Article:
The Silent Struggle of Immigration

There is no greater advantage in life than being born in America.

I often find myself daydreaming on how much better/easier my life would currently be if I was born in the United States. How much further I would be. And how many years I’ve been set back due to this one little detail.

What seems like a trivial thing is anything but. Anywhere from getting a job, securing accommodation, finding a partner or building credit becomes an unnecessarily uphill battle.

The number one reason people move to USA is for greater freedom and opportunity. But, depending on where you happen to be born, this dream may remain only that.

The ways you can (legally) get into America are usually:

  • Student visa
  • Work visa
  • Extraordinary ability visa
  • Entrepreneur visa
  • Spouse visa

Each visa has its own set of hurdles.
The student visa requires you to move back to your country of origin after you are done with studies.
The work visa has more applicants than visas issued, in a limited application window with only one renewal allowed.
The extraordinary ability visa is quite difficult to attain and will not apply to most people.
The entrepreneur visa is also a non-immigrant visa, which means you must move back to your country once you are done with the business.

As a result, most people opt for the spouse visa, where they can marry a U.S. citizen and receive a green card soon after. It makes the most sense, requires the least amount of complexity, and almost guarantees residency with little risk. The only problem is finding someone willing to marry you (typically for a fee) and undertaking a series of interviews with immigration officers to prove your marriage was in “good faith” and not simply a ploy to stay in the country. As the government cracks down on these types of loopholes, however, options for immigrants dwindle even further.

It’s really hard to get in to the country. But millions upon millions of people are willing to make the sacrifice because they realize it is worth every bit of struggle. It’s also why they take full advantage of the opportunities available to them once they’ve finally made it in, working long hours and living in subpar conditions for many years before they ever see the fruit of their labor.

Nevertheless, there are some things that will always be against them:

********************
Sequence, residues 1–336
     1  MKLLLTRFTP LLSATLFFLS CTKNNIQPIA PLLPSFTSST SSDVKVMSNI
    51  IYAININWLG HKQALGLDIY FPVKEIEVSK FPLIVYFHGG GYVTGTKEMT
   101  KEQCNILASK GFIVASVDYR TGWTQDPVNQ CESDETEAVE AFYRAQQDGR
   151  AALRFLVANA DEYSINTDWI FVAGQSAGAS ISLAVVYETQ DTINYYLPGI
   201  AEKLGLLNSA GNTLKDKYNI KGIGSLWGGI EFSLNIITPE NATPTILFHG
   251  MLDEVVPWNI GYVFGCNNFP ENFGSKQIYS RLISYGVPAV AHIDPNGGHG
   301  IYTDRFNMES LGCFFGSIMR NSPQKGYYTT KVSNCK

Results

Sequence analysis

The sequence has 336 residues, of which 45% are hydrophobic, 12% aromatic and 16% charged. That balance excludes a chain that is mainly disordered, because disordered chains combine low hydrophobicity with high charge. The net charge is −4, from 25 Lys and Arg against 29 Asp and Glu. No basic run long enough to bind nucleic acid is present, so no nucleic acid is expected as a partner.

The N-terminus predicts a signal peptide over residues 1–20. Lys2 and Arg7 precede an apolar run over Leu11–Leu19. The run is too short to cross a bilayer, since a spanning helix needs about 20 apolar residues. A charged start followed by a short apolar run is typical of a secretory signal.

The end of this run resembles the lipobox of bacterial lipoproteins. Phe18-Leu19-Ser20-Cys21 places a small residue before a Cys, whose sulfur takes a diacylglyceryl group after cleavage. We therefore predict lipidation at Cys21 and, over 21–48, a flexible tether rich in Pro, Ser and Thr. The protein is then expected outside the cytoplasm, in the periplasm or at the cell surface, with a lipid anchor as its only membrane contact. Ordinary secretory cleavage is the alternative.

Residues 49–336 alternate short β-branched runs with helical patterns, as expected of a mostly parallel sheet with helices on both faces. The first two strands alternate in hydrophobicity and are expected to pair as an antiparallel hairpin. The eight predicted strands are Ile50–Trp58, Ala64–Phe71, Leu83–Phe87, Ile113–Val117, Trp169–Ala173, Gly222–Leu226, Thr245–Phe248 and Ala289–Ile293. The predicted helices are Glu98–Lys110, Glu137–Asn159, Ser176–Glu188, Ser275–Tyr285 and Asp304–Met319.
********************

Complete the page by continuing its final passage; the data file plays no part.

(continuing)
Educational credentials. They’re basically non-existent. There is something demoralizing about having to go back to school and taking multiple GED exams in order to prove you are educated and qualify for minimum-wage-level jobs, even when you may boast a bachelor or masters degree.

Lack of connections. You have no communal support system for assistance. There are no friends to help you, or neighbors to guide you. You probably don’t have an extended family network, either. In many instances, you’re all alone in a foreign landscape.

Building credit. With a brand new social security number, your file is so thin that it will either not be recognized, or automatically assigned the lowest score possible. And with so little opportunity to build history as an adult, you will face many years of little-to-no credit until you can slowly increase your score with secured credit cards and routine credit increases.

Securing housing. Even with some cash in your pocket, you won’t be able to get a place unless you provide a great deal of documentation which you simply may not have. It could be a drivers license, good credit score, employment history, utility bills or references, so you may be relegated to motels until you can get it together.

Government jobs. Forget about running for president (you cannot be foreign born). Military? Hopefully you become a legal resident while you are still young, because there is typically a cut-off age. Congress? You need to be a U.S. citizen for at least 7 years. Police? U.S. citizens only. Sorry permanent residents/green-card holders.

There are many more miscellaneous struggles immigrants face, such as opening a bank account, making new friends, etc. but each case is unique and complex in its own way.

Overall, I would estimate moving to another country sets you back ~10 years. It’s a necessary pain to endure, but one immigrants must overcome. For this reason, I have the utmost respect and empathy for immigrants. They are the truest patriots. They are the hardest workers.

They are the American dream.